Romanising Oriental Gods: Myth, Salvation and Ethics in the Cults of Cybele, Isis and Mithras (Religions in the Graeco-Roman World)
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The relative sophistication of the three major 'Oriental cults' of the Roman Empire, combining unfamiliar myth with distinctive ritual, enabled them, like Early Christianity, to offer a properly ethical salvation in the Weberian sense.
2008; Bonnet, Pirenne-Delforge and Praet 2009. Some of the papers contributed were however not published in the various Proceedings. The process of revaluation was initiated by the publication of much of Cumont’s academic correspondence (Bonnet 1997; 2006; also now Bongard-Levine et al. 2007) and the conference on syncretism at Rome in 1997, organised by C. Bonnet and A. Motte in honour of the fiftieth anniversary of Cumont’s death (Bonnet and Motte 1999); note also the helpful sketch of Cumont’s
of belief 37 being with cosmic and pantocratic prerogatives’ is nowadays clearly recognised (Lancellotti 2002, 135). There are numerous references to it in the fourth century and later, such as the following passages from Sallustius, the friend of the emperor Julian, like him a proponent of the allegorical interpretation of myth and the mystical interpretation of cult-practice: The Mother of the gods is a life-giving goddess (ζωογόνος), and therefore she is called mother, while Attis is creator
Priscilla, who has betrayed the sacra of a man named Paternus (perhaps the writer) and married someone else.146 Until the discovery of this text no one 144 At Or. 5, 161c he argues that Attis is the material form of the fertile, demiurgic intelligence that brings everything into being; at 166d he says explicitly that Attis is the demiurge par excellence; at 175a he calls him the unmediated demiurge of the material world, cf. V. Ugenti, Giuliano imperatore, Alla Madre degli dei (Lecce 1992), who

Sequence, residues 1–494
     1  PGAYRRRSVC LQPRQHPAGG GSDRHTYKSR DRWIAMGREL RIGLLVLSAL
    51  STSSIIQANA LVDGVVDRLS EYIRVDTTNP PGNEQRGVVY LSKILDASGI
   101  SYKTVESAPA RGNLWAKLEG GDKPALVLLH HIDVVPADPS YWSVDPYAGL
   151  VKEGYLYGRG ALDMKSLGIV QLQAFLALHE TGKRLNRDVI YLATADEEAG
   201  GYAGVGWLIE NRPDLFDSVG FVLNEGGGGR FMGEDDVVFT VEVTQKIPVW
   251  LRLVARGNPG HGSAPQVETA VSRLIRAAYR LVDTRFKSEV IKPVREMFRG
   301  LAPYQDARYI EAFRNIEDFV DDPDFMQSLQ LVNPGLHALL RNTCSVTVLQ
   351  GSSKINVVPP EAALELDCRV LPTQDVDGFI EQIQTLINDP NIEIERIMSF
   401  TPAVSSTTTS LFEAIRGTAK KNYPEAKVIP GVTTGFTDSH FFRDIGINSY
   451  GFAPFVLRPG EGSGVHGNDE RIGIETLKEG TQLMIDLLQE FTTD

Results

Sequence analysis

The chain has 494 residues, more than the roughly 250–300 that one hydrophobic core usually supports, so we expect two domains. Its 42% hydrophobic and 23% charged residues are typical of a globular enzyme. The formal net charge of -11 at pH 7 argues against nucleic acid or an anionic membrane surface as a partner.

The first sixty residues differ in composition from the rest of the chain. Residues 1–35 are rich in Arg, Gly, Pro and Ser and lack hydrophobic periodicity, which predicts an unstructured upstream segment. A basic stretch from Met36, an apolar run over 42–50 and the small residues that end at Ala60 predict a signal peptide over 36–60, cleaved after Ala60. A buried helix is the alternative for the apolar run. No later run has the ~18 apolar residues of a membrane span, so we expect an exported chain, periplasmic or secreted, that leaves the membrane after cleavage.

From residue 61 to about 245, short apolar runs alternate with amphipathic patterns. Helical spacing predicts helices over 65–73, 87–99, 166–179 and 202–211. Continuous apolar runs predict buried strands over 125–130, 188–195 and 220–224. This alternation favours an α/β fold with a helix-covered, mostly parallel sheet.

This fact creates a certain amount of difficulty concerning the most appropriate terms to use, as is clear from the Proceedings of Bianchi’s Soteriology conference, for example in Turcan’s point 2 in his summary (Bianchi and Vermaseren 1982, xvii), and in Bianchi’s concession at the Seduta del 26 settembre: “et, un peu déplacé, Mithra” (p. 883, cf. 885). Burkert 1987, 8; 41f.; 84 repeatedly emphasises how untypical the cult of Mithras is in the context of Greek mystery cults. 245 I have found the
well have contributed this item to the wider concept.42 We can also, I think, adduce the fact that the oriental cults were sometimes mocked in performances of mimes, and in festival processions.43 Outsiders laughed at their gods, the very basis of the norms governing their conduct; and at the very fact that they were looking for alternatives to standard rules. Ordinary people thus experienced a brief sense of liberation in making fun, in the presence of believers, of what the latter felt to be